A Beginner's Guide to Flyboarding

How to rise above the rest and get a new lake life

A person doing a flip on a flyboard over a lake.
You’ll flip for flyboarding this summer

photo by Ryan Taylor


When Caleb Gavic first saw someone on a Flyboard in 2012, he knew he had to try it. The sport was still so new at the time that Gavic had to contact its inventor, French watercraft rider Franky Zapata, to get his hands on one. That summer, he started flying. “Everything was so new,” he says, “that the guy who taught me barely knew how to do it himself.” Gavic and his brother Jesse took the Flyboard—what looks like a mini-snowboard outfitted with a jetpack—up to the family cabin on Cross Lake, and before long, they had 30 or 40 boats hovering around them watching. The Flyboard’s rider is propelled into the air by two jet streams of water pumped through a hose that connects to the outflow of a personal watercraft (a Jet Ski, WaveRunner, Sea-Doo, etc.), which another person controls. “All that thrust that normally would push [a jet ski] forward at 70 miles an hour is now going into the hose.” Before long, Gavic got his feet under him. He soon mastered multiple flips and dives, and began traveling to Mexico, Sweden, Dubai, and elsewhere for competitions and demonstrations. In the summer of 2016, Caleb and Jesse made headlines when they put out a fire on someone’s boat using the Flyboard’s spray. Impromptu heroics aside, the best part of Flyboarding for Caleb is flying. “Do you know how it feels to fly?” he asks. “That’s the best way I can explain it. It’s nothing you’ve really felt before. It feels like you’re floating in the air. The tricks are fun, but just being able to fly 50 feet high is the best part.”


Get Started

 

Learn

Gavic and his family give 20-minute lessons and travel to clients for Flyboarding parties. He says it takes only five minutes to learn. A 30-minute rental is about $150.

Equipment

Flyboard, personal watercraft, helmet, life jacket

Difficulty

*, according to Gavic


Learning to Fly: A closer look at flyboarding gear and locations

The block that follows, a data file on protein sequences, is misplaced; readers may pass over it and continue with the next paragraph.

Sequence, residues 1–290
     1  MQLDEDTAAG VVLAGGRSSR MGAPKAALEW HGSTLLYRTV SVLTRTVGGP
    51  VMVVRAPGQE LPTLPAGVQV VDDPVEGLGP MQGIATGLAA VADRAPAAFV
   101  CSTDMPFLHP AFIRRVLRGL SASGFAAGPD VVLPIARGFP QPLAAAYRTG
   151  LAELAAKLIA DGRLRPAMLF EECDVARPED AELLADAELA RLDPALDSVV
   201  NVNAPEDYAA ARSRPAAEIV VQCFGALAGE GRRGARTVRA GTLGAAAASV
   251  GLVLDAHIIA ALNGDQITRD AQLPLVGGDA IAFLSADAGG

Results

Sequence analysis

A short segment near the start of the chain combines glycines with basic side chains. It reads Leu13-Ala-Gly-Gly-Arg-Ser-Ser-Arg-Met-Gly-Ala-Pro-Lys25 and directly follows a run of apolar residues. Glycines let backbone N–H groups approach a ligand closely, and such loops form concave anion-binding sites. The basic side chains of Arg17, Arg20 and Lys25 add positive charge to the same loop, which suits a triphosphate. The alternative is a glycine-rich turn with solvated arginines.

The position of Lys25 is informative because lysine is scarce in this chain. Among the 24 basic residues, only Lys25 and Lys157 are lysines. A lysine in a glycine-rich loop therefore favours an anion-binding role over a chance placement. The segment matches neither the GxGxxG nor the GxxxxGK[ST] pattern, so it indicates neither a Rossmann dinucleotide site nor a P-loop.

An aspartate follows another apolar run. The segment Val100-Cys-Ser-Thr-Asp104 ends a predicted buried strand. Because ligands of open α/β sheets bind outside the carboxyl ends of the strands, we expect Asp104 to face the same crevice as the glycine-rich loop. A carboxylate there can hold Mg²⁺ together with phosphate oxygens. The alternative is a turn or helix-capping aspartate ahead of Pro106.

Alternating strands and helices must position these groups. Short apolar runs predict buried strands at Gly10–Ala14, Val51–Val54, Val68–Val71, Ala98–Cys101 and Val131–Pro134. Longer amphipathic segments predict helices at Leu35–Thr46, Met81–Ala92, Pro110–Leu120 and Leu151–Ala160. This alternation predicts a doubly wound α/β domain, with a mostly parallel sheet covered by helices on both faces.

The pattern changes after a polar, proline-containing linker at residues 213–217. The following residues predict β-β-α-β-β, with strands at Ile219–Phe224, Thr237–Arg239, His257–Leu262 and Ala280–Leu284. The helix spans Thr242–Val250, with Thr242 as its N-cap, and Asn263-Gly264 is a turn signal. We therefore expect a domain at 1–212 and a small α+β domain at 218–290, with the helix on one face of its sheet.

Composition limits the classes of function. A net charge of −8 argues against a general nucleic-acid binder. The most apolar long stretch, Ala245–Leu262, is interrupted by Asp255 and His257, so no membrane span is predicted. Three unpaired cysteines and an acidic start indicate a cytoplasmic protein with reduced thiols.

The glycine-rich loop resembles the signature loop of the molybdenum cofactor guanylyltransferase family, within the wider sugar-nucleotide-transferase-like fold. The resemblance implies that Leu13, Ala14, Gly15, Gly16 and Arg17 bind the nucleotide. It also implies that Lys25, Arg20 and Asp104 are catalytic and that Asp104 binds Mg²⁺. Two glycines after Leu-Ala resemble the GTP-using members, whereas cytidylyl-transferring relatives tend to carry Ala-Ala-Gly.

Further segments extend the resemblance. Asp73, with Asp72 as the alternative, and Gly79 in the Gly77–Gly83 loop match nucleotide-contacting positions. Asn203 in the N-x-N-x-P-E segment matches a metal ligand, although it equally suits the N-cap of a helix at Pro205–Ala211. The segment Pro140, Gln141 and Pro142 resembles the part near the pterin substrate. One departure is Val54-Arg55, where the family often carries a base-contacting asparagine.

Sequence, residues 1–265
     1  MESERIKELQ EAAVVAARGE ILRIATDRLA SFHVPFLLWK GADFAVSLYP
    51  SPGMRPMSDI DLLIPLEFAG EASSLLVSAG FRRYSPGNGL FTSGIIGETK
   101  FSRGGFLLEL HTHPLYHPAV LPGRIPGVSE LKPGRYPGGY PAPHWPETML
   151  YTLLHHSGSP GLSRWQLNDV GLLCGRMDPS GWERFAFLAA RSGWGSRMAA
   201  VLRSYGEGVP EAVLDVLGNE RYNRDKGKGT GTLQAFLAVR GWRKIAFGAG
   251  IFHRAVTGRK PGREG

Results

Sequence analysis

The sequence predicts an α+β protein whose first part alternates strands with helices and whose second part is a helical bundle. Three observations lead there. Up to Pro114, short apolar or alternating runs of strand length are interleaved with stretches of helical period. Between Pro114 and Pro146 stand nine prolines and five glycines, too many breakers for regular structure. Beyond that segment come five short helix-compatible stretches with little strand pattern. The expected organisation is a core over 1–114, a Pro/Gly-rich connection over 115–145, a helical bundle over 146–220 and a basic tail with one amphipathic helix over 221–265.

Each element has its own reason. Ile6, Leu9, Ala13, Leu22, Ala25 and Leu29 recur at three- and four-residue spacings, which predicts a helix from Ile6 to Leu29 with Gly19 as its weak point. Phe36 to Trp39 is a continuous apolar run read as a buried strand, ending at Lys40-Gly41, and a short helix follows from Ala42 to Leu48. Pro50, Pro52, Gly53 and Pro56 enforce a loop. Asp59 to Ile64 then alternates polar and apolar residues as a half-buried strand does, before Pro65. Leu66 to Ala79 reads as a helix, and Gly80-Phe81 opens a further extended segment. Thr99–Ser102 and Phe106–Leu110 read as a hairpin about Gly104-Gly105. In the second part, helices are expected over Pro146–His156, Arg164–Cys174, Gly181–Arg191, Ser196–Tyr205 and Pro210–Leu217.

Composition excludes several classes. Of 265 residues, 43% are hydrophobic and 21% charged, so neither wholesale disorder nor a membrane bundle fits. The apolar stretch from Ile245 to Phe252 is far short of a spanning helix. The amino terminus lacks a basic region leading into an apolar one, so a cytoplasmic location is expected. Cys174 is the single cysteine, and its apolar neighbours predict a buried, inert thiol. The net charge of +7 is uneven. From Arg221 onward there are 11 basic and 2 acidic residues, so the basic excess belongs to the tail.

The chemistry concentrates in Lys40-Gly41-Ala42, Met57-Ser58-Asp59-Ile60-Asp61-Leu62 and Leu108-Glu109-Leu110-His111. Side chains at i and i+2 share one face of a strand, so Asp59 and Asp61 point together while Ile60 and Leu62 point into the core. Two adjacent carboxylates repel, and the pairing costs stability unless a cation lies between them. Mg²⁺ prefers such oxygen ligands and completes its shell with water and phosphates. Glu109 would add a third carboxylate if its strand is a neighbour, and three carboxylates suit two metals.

You can buy a Flyboard kit for about $6,000, but getting out on the lake with some friends and an afternoon rental is a fraction of the cost. “If you watch the movie Iron Man and say, ‘I want to do that!’ essentially that’s what you’re doing,” says Skyhigh Flyboard’s Caleb Gavic. “You’re becoming Iron Man. You can’t go anywhere you want, but you can go 50 feet high and anywhere around the lake.”

A red and black Flyboard by Zapata.
These flyboard pro series boots were made for flying, and that’s just what they’ll do ($2,875, plus accessories)

photo by zapata


Rent/Locations

Lake Minnetonka,
Long Lake, Gull Lake,
Brainerd Lakes: skyhighflyboard.com ($150-$1,100*)

Medicine Lake,
Lake Waverly,
Lake Independence: justaddwaterflyboard.com ($149-$650*)

Detroit Lakes: hydroflightsportsmn.com ($150-$1,500*)

*Rates reflect length of time for rental. For additional locations, ask the outfitter. Many will travel to your favorite lake for your experience.

A red and black Flyride by Zapata.
When you’re ready to up your game, the flyride is basically a flying jet ski ($5,340, plus accessories)

photo by zapata


Buy

Franky Zapata launched the Flyboard craze in 2012 and has since added a Hoverboard, Jetpack, and Flyride (at right) based on similar technology. zapata.com


Digital Extra: Just Like Iron Man

Take the point of view of Flyboarders as they maneuver their trendy, easy-to-ride, water-powered hoverboards up to 50 feet over a lake.

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